What is a peripheral nerve block?
A peripheral nerve block is a type of regional anaesthetic that involves injecting local anaesthetics and other painkillers near the major nerves to your arm (upper limb).
How does a nerve block work?
A nerve block works by temporarily numbing your nerves to give pain relief. Local anaesthetics and other painkillers are injected, using a fine needle, near the nerves to your arm. You may need more than one injection.
A nerve block can be used instead of a general anaesthetic for the operation, and is also an effective form of pain relief afterwards. Depending on the operation, the injection may be given in the side of your neck, or near your collarbone or armpit, or in your elbow, forearm or wrist.
What does the procedure involve?
Your anaesthetist will usually use an ultrasound scanner or nerve stimulator to help guide them where to inject the anaesthetic.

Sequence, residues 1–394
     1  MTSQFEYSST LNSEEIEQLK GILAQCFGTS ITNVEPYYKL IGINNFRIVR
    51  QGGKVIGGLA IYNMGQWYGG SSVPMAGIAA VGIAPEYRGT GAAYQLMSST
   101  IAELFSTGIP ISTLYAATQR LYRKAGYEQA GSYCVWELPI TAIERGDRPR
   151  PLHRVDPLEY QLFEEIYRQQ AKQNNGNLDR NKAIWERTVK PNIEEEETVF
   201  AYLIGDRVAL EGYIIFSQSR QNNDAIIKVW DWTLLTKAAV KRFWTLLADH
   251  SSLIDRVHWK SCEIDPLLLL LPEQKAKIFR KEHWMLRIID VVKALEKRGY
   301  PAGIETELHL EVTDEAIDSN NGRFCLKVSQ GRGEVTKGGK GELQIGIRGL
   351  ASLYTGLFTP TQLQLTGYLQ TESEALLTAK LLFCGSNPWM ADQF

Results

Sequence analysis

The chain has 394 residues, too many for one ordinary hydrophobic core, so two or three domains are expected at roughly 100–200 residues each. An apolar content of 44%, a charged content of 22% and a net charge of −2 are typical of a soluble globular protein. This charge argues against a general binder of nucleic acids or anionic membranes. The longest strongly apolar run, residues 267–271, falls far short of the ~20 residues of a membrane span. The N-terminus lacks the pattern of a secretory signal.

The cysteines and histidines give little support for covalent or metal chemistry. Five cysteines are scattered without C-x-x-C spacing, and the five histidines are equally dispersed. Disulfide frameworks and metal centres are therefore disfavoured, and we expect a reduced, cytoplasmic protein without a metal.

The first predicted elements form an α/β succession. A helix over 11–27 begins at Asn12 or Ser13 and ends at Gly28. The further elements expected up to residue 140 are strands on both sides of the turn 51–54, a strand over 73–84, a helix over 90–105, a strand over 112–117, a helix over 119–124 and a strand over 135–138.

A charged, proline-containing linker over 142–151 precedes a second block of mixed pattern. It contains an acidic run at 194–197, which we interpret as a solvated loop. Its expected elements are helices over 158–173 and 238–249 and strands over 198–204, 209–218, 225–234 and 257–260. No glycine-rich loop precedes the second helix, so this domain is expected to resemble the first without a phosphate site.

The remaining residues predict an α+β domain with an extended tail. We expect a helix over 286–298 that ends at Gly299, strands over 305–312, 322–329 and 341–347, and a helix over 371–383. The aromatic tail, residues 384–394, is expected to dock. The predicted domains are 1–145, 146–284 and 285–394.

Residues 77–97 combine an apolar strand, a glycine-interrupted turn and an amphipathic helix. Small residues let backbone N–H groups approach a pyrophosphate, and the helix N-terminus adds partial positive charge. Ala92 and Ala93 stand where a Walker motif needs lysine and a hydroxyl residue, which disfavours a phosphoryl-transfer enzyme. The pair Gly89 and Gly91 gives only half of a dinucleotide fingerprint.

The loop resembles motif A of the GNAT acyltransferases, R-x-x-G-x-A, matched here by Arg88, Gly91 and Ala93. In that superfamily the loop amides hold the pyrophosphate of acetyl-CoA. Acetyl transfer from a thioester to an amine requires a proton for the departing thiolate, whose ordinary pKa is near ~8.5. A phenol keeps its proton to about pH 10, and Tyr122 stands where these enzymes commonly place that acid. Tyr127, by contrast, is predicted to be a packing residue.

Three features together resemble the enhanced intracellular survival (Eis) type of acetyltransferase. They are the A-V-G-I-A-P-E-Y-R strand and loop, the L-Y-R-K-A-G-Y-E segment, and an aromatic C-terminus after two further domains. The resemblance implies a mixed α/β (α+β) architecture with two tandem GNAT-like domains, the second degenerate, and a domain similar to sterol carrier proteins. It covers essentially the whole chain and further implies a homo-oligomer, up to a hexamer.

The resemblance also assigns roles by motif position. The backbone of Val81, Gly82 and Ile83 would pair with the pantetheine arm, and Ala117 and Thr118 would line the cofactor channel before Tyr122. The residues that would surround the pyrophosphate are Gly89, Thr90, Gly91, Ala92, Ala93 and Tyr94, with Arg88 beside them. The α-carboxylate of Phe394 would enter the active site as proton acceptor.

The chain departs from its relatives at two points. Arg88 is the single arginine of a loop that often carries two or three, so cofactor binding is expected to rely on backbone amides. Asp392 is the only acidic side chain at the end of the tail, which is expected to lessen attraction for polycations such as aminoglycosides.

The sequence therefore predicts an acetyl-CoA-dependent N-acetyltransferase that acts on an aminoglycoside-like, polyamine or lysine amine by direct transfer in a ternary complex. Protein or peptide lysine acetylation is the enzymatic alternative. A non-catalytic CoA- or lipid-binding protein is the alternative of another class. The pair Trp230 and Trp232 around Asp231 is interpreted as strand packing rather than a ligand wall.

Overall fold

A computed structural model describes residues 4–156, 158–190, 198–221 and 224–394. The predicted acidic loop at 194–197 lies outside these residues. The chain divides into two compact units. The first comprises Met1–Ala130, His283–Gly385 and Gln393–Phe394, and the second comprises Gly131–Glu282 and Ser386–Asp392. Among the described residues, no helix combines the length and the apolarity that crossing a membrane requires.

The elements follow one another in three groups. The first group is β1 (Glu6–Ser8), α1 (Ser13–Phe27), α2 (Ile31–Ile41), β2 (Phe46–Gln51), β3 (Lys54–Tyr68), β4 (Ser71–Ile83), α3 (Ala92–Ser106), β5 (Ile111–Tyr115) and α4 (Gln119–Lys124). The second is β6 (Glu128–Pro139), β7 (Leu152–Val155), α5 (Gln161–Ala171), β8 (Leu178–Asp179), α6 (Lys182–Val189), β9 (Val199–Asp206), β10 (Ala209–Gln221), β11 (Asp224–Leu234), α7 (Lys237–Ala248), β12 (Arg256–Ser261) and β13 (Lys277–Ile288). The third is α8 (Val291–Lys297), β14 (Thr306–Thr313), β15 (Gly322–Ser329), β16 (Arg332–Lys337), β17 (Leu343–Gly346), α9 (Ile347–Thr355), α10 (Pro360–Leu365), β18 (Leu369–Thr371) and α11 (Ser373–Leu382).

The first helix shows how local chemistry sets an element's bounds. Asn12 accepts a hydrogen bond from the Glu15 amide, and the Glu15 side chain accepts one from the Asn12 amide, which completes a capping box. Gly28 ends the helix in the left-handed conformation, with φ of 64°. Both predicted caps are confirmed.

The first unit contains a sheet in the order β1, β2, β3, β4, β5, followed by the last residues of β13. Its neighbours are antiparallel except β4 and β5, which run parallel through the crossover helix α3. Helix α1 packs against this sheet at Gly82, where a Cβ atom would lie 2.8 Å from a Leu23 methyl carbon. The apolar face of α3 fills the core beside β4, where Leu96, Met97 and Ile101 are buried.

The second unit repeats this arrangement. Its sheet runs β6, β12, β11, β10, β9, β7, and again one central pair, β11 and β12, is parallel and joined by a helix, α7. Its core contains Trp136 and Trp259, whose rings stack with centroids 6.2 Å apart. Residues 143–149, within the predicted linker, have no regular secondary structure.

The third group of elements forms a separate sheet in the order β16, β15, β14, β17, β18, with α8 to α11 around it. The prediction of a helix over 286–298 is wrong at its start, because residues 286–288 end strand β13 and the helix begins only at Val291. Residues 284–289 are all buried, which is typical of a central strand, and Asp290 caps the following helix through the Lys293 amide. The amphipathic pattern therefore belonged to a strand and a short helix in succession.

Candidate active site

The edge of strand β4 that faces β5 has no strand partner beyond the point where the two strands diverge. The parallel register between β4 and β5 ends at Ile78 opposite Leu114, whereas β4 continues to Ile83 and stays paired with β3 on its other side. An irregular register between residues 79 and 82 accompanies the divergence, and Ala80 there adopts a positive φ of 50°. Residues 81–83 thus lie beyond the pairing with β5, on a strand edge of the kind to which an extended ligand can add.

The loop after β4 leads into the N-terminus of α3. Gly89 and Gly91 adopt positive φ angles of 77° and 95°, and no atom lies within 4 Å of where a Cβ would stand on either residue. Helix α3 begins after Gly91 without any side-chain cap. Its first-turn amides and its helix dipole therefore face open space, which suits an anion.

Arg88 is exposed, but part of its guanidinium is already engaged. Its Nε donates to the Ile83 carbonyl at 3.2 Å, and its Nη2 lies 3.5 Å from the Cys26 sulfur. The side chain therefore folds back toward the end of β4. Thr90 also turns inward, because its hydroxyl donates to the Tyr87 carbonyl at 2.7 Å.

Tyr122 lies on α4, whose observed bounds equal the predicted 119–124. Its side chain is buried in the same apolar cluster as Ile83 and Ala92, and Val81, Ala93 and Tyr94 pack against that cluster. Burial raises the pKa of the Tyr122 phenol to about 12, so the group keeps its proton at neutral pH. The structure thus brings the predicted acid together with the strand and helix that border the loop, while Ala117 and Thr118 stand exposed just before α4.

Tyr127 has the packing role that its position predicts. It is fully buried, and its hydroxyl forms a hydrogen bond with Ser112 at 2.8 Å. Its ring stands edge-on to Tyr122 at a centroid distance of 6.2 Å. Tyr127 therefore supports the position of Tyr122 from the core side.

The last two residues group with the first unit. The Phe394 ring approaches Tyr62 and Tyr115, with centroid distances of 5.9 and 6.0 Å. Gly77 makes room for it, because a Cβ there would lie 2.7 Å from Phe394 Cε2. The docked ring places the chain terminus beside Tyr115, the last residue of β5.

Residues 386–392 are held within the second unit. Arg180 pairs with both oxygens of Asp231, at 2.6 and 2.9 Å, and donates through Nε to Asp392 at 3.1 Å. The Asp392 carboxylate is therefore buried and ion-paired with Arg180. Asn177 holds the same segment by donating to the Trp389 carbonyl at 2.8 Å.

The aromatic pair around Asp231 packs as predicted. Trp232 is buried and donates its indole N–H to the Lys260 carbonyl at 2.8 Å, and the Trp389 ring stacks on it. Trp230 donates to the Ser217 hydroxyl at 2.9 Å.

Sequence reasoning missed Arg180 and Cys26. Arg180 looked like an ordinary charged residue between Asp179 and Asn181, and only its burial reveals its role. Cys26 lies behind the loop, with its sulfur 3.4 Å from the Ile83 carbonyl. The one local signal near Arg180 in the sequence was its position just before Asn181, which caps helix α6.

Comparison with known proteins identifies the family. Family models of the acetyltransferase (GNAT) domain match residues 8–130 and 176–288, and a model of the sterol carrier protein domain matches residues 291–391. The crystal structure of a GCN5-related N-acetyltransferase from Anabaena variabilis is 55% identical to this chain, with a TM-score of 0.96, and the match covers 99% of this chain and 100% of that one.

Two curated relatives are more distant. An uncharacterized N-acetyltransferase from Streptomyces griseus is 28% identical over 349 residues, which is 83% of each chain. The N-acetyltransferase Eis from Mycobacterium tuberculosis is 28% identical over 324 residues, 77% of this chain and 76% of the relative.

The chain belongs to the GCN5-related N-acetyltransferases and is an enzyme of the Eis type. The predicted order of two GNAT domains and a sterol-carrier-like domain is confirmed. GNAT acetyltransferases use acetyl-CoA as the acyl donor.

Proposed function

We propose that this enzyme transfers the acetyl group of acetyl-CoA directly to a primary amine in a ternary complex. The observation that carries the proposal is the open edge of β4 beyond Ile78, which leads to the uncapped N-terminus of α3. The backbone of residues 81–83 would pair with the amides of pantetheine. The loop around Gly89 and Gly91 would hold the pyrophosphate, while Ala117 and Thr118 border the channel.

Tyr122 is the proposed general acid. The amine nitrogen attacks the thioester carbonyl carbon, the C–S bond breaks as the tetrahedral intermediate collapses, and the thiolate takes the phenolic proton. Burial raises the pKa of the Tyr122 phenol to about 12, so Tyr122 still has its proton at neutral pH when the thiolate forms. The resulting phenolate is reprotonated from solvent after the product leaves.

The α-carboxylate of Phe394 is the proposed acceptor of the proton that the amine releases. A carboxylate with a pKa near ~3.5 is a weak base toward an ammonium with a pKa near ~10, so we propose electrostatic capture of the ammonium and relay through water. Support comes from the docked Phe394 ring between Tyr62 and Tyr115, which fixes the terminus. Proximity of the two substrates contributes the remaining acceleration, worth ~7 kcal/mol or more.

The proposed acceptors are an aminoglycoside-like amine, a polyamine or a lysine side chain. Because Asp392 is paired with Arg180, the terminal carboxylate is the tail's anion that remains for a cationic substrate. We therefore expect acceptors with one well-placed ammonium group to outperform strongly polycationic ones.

Your anaesthetist will insert the needle and when they are certain that it is in the right position they will inject anaesthetic through it. They will usually remove the needle.
Sometimes your anaesthetist may insert a small tube through the needle before they remove it, leaving the tube in place so they can inject more anaesthetic.
What effect does a nerve block have?
A nerve block has two main effects.
- Pain relief – The nerve block numbs the sensory nerves responsible for pain and touch.
- Weakness – The nerves supplying muscles may also be affected.
What complications can happen?
Some complications can be serious and can even cause death.
- Change in your breathing
- Failure of the nerve block
- Allergic reaction
- Nerve damage
- Visual disturbance or loss of vision
- Local anaesthetic toxicity
- Droopy eyelid on the side of the nerve block
- Developing a hoarse voice